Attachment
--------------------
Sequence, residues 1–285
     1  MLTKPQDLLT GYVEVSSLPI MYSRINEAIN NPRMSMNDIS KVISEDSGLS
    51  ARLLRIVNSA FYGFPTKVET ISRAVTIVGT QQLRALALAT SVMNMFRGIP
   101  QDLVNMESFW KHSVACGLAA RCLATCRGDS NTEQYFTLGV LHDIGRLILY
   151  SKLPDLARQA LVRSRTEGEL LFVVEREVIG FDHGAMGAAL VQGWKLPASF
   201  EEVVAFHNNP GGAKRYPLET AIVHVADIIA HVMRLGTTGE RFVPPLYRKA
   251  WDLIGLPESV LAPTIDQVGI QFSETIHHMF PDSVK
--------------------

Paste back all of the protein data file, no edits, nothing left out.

Sequence, residues 1–285
     1  MLTKPQDLLT GYVEVSSLPI MYSRINEAIN NPRMSMNDIS KVISEDSGLS
    51  ARLLRIVNSA FYGFPTKVET ISRAVTIVGT QQLRALALAT SVMNMFRGIP
   101  QDLVNMESFW KHSVACGLAA RCLATCRGDS NTEQYFTLGV LHDIGRLILY
   151  SKLPDLARQA LVRSRTEGEL LFVVEREVIG FDHGAMGAAL VQGWKLPASF
   201  EEVVAFHNNP GGAKRYPLET AIVHVADIIA HVMRLGTTGE RFVPPLYRKA
   251  WDLIGLPESV LAPTIDQVGI QFSETIHHMF PDSVK